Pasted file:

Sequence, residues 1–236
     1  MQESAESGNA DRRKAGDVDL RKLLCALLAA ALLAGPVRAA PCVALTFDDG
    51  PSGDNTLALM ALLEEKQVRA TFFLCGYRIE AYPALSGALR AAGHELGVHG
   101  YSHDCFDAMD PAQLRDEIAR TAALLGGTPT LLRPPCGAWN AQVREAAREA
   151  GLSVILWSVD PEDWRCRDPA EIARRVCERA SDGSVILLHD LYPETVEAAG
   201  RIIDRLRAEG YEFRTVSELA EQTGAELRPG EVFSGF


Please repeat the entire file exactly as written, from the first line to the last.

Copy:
Sequence, residues 1–236
     1  MQESAESGNA DRRKAGDVDL RKLLCALLAA ALLAGPVRAA PCVALTFDDG
    51  PSGDNTLALM ALLEEKQVRA TFFLCGYRIE AYPALSGALR AAGHELGVHG
   101  YSHDCFDAMD PAQLRDEIAR TAALLGGTPT LLRPPCGAWN AQVREAAREA
   151  GLSVILWSVD PEDWRCRDPA EIARRVCERA SDGSVILLHD LYPETVEAAG
   201  RIIDRLRAEG YEFRTVSELA EQTGAELRPG EVFSGF